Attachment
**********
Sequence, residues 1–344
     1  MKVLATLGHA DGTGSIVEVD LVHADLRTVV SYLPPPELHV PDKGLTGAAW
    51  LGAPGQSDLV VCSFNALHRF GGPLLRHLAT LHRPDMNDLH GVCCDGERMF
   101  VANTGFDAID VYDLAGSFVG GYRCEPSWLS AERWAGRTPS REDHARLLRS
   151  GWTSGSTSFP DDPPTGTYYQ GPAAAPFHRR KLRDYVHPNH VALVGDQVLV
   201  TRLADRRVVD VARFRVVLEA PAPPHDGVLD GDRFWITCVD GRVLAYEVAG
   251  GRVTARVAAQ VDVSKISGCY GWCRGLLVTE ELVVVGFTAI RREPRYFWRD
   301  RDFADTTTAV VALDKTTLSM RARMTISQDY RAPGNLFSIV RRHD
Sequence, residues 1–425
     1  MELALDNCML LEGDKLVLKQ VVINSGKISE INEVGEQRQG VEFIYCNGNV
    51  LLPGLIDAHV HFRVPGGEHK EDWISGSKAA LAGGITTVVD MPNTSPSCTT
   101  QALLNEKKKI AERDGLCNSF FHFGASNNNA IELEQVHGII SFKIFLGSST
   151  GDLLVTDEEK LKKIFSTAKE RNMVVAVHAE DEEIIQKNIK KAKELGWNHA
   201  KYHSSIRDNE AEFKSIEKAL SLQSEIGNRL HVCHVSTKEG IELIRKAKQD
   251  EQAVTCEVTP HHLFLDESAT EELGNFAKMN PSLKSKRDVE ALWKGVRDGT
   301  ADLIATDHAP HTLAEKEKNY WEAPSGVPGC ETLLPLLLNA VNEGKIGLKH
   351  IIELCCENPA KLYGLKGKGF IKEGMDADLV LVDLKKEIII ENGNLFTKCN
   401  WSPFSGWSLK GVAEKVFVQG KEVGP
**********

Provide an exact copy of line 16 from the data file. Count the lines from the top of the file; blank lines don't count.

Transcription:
   301  ADLIATDHAP HTLAEKEKNY WEAPSGVPGC ETLLPLLLNA VNEGKIGLKH